It was soon realised that Goldacre contained a potential flaw for landlords. If the post-appointment rent was not apportionable then the same must apply to preappointment rents. Rent arrears falling due prior to an administrator’s appointment rank as an unsecured claim and not an expense meaning that landlords receive only a few pence in the pound, if anything. Following Goldacre to its logical conclusion, if an administrator is appointed after the quarter day then no part of that quarter’s rent is payable as an expense, even if the administrator uses the property for the rest of the quarter. In other words, liability to pay rent as an expense has come down to a simple matter of timing.
The issue is compounded by the interim moratorium that arises upon a company serving notice of intention to appoint administrators. This gives the tenant a short period of protection against landlord action to enforce rent arrears.
If a company files a notice of intention just before the quarter day and appoints administrators shortly after, the unpaid rent falls through a statutory loophole where landlords are unable to forfeit or distrain without permission or seek payment as an expense of the administration.
In Leisure (Norwich) II Ltd and others v Luminar Lava Ignite Ltd (in administration),5 decided in March this year, the court confirmed that where rent is payable in advance and falls due for payment prior to the commencement of the administration, it is not payable as an expense even if the administrator retains the property for the purposes of the administration.
No doubt the court was aware of the potential ramifications for the rescue culture if the landlord’s claim in Luminar had succeeded. The retailer Game, for example, appointed administrators shortly after the March 2012 quarter day and continued to trade from most of its stores. Had it been required to pay the March quarter’s rent for those stores as an expense then the cost could have thrown the entire survival of the business into jeopardy.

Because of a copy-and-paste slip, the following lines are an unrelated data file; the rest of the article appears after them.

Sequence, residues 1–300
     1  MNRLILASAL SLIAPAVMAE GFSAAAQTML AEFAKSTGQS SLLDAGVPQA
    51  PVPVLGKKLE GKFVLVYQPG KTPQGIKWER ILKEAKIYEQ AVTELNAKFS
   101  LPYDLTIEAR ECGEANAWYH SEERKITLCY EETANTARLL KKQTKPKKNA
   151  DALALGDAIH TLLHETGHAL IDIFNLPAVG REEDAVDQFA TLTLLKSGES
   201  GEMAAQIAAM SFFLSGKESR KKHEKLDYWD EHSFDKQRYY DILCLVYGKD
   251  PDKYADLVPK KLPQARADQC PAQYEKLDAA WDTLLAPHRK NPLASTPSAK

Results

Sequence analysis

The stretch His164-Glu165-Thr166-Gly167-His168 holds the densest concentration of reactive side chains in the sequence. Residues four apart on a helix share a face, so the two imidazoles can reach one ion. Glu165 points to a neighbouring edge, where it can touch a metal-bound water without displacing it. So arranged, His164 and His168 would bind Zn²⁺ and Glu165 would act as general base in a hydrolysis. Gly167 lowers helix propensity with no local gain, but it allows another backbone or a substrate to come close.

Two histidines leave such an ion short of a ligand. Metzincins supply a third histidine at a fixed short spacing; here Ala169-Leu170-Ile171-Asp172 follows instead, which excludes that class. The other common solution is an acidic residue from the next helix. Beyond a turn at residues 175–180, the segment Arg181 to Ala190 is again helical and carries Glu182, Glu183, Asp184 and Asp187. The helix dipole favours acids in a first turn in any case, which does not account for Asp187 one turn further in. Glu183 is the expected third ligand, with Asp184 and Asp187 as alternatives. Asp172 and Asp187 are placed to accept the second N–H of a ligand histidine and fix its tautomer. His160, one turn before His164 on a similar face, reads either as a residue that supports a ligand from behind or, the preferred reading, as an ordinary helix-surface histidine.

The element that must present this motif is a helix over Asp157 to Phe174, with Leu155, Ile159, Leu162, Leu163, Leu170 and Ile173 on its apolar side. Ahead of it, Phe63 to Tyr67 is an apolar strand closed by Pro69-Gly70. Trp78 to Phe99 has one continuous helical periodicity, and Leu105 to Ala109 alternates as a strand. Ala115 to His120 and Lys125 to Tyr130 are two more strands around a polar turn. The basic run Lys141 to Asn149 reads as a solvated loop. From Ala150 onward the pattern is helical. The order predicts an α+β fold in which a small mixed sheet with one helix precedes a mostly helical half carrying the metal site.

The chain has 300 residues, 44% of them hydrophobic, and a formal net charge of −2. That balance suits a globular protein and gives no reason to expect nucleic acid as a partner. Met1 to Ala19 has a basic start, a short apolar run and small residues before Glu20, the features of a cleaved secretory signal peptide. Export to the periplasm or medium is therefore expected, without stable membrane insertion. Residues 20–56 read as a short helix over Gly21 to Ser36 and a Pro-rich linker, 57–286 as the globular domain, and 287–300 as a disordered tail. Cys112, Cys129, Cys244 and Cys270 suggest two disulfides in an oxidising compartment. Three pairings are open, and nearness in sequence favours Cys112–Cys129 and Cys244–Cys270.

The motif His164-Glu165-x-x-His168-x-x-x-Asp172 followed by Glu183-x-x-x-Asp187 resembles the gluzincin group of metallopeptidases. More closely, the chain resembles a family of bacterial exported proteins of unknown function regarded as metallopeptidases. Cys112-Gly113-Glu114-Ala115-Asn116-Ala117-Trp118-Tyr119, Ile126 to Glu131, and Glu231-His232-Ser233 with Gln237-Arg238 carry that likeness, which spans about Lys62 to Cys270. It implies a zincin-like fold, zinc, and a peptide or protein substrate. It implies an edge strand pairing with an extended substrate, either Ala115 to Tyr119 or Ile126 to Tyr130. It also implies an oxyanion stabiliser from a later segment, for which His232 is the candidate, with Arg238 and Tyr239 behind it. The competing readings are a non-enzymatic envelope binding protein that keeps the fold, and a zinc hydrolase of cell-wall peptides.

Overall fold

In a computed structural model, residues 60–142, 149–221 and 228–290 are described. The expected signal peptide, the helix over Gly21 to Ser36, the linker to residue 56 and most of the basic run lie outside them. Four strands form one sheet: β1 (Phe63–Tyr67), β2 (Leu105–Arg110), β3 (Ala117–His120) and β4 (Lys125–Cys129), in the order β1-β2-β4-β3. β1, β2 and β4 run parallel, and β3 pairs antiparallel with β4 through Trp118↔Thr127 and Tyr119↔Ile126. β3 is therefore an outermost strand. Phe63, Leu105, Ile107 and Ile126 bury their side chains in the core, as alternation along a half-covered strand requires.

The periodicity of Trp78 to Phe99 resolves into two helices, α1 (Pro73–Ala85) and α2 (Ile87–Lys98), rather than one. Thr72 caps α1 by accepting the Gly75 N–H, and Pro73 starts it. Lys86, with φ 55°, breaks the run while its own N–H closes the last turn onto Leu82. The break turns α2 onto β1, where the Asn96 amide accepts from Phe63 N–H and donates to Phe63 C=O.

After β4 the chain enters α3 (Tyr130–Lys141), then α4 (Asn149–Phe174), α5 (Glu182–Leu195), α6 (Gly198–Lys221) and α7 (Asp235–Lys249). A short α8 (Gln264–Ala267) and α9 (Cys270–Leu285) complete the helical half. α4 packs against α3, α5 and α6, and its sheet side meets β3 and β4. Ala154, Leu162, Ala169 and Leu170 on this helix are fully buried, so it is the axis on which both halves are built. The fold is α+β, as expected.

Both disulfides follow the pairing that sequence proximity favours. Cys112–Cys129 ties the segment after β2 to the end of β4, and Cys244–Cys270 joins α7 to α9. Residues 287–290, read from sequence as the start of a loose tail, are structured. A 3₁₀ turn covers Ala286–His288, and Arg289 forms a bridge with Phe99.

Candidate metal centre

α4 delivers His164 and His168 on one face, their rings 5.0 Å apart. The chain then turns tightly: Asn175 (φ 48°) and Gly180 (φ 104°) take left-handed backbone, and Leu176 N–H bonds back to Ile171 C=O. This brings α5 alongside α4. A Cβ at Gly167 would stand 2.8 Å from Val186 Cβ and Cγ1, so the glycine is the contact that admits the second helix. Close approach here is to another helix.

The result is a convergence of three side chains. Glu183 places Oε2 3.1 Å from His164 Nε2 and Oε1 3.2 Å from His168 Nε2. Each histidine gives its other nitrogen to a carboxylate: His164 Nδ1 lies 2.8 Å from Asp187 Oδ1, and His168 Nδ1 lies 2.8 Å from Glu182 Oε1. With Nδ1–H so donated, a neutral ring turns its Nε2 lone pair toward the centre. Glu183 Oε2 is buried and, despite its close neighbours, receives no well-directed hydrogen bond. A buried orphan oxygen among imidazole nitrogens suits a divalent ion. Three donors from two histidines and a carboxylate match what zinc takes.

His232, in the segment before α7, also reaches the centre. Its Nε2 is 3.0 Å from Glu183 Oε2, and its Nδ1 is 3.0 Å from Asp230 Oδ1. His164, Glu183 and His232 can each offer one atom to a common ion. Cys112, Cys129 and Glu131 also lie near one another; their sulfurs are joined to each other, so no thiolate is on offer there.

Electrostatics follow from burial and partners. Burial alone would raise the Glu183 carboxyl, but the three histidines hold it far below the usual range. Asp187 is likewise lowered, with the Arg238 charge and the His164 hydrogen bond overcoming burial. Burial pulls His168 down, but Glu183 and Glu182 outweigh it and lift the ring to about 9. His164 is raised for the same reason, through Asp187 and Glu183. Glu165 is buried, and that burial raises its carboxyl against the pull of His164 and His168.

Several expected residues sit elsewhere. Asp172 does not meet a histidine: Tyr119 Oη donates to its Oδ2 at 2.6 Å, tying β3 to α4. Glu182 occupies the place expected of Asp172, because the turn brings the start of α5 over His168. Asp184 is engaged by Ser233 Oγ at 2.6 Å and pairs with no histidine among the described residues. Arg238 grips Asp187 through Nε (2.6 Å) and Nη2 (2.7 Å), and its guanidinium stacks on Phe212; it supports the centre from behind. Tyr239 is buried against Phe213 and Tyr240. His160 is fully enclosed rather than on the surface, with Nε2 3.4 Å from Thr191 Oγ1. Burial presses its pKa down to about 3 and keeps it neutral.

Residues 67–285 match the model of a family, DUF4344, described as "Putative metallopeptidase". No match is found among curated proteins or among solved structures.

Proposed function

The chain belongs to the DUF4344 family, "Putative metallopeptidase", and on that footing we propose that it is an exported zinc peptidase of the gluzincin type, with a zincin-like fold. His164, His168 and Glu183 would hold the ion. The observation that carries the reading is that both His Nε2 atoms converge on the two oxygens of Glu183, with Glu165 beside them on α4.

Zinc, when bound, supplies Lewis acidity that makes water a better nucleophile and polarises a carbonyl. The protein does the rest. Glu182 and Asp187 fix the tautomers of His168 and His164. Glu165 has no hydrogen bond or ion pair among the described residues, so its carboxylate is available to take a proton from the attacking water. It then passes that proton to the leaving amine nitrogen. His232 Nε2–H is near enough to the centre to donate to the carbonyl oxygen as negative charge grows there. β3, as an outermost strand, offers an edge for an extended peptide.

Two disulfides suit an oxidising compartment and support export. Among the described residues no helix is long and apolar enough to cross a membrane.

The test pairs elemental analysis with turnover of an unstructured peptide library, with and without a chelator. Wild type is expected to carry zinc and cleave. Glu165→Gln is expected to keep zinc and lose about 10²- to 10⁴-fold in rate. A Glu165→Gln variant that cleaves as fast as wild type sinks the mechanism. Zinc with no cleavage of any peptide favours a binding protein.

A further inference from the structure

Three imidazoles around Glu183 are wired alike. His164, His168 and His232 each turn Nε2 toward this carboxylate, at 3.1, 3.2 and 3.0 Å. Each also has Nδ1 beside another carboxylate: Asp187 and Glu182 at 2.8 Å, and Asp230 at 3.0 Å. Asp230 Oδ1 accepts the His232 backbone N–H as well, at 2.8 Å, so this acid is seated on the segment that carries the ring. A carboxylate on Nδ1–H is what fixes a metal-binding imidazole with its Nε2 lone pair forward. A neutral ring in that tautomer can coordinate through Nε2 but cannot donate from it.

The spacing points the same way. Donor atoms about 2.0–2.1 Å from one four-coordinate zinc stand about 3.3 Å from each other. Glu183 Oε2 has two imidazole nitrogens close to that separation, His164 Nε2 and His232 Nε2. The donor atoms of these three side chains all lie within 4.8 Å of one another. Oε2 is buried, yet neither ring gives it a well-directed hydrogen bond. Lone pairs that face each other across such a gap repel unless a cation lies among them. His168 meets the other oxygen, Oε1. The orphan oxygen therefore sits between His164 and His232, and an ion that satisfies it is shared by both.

Landlords might be forgiven for thinking that Goldacre has turned out to be something of a poisoned chalice. In truth, it has created unfairness on all sides.
Tenants in administration can lose out when they stop using the property in the middle of a quarter but have to pay rent for more than their period of use; a windfall for landlords, but not in the interests of creditors as a whole. Potential sales of leasehold property by administrators could be lost if not completed before the quarter day as the administrators may not want the risk of having to pay another quarter’s rent. This does not help the survival of the business. As timing has become so important, the result can be a lot of tactical games, sometimes at the cost of sensible, commercial co-operation.
Goldacre remains good law and has now received further judicial endorsement in Luminar when the court said it was “plainly right”. This could be a signal that it would be up to government, rather than the courts, to revisit the expenses regime. In the meantime, many landlords may consider going back to the previous “pay-as-you-go” approach, which has advantages for both sides and requires them to co-operate – which cannot be a bad thing.
This article was previously published in Estates Gazette on 2 June 2012